U.S. Pat. No. 3,876,530 teaches a multi-state catalytic hydrodesulfurization and hydrodemetallization of residual petroleum oil in which the initial stage catalyst has a relatively low proportion of hydrogenation metals and in which the final stage catalyst has a relatively high proportion of hydrogenation metals.
U.S. Pat. No. 4,016,067 discloses a dual bed hydrotreating process wherein in the first bed the catalytic metals are supported on delta or theta phase alumina and wherein both catalysts have particular requirements of pore distribution.
U.S. Pat. No. 4,016,069 discloses a two-stage process for hydrodesulfurizing metal- and sulfur-containing asphaltenic heavy oils with an interstage flashing step and with partial feed oil bypass around the first stage.
U.S. Pat. No. 4,016,070 also discloses a two-stage process with an interstage flashing step.
U.S. Pat. No. 4,012,330 teaches a two-bed hydrotreating process with additional hydrogen injection between the beds.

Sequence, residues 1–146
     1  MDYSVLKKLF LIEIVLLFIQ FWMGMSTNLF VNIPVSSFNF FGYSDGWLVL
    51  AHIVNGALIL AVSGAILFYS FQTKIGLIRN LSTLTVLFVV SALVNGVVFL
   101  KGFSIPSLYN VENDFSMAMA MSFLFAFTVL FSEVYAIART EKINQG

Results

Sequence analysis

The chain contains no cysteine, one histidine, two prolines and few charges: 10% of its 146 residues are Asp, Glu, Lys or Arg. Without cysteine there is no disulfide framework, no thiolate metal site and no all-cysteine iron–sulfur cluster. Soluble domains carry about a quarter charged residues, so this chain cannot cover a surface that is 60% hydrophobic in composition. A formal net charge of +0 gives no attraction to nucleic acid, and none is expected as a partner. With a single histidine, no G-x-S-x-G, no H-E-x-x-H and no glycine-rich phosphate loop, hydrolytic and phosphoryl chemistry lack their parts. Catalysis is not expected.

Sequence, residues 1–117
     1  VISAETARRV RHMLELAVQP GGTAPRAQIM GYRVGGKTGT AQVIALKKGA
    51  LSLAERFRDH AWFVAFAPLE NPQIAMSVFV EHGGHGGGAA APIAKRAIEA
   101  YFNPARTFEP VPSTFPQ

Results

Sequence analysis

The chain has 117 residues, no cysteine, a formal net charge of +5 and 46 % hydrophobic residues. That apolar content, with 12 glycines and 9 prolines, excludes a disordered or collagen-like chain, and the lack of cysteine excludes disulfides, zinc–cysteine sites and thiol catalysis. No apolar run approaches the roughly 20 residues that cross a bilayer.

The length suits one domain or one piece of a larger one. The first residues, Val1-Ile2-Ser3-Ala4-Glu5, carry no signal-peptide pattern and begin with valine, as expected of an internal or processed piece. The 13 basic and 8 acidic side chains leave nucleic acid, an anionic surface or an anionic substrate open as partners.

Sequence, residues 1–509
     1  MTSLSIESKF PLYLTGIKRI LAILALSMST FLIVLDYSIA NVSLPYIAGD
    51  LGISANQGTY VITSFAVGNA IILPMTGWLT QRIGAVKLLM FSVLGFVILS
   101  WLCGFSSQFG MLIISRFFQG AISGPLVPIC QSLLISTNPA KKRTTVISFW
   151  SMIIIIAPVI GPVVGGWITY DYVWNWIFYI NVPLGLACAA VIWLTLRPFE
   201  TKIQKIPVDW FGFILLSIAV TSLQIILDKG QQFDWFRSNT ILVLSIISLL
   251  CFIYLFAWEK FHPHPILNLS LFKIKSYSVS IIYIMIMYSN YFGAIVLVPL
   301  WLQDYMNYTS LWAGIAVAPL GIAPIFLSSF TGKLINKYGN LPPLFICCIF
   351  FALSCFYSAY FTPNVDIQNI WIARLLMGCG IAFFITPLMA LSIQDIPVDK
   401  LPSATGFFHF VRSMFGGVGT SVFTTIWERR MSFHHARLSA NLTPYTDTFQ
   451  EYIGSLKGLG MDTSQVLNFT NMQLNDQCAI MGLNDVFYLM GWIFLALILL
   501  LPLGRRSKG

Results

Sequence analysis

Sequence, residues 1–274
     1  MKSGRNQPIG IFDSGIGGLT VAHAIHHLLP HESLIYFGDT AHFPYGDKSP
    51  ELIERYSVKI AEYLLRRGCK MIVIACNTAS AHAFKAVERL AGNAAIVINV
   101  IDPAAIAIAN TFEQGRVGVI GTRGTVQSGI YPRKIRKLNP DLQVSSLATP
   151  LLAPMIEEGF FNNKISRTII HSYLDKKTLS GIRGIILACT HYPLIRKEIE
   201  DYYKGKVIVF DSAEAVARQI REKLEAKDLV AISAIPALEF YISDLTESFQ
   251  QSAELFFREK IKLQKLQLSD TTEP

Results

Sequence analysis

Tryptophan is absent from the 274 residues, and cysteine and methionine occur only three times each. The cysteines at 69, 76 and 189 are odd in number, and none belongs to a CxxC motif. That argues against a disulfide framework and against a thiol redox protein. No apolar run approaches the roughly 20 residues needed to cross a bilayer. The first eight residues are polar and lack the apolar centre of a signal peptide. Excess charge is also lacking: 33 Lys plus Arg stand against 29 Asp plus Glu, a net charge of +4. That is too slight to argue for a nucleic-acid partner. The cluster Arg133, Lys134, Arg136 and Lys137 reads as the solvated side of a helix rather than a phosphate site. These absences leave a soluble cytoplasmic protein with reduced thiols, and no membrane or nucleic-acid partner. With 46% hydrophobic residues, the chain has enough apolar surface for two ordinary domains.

U.S. Pat. No. 4,048,060 discloses a two-stage hydrodesulfurization and hydrodemetallization process utilizing a different catalyst in each stage, wherein the second stage catalyst has a larger pore size than the first catalyst and a specific pore size distribution.
U.S. Pat. No. 4,166,026 teaches a two-step process wherein a heavy hydrocarbon oil containing large amounts of asphaltenes and heavy metals is hydrodemetallized and selectively cracked in the first step over a catalyst which contains one or more catalytic metals supported on a carrier composed mainly of magnesium silicate. The effluent from the first step, with or without separation of hydrogen-rich gas, is contacted with hydrogen in the presence of a catalyst containing one or more catalytic metals supported on a carrier preferably alumina or silica-alumina having a particular pore volume and pore size distribution. This two-step method is claimed to be more efficient than a conventional process wherein a residual oil is directly hydrosulfurized in a one-step treatment.
U.S. Pat. No. 4,392,945 discloses a two-stage hydrorefining process for treating heavy oils containing certain types of organic sulfur compounds by utilizing a specific sequence of catalysts with interstage removal of H2 S and NH3. A nickel-containing conventional hydrorefining catalyst is present in the first stage. A cobalt-containing conventional hydrorefining catalyst is present in the second stage.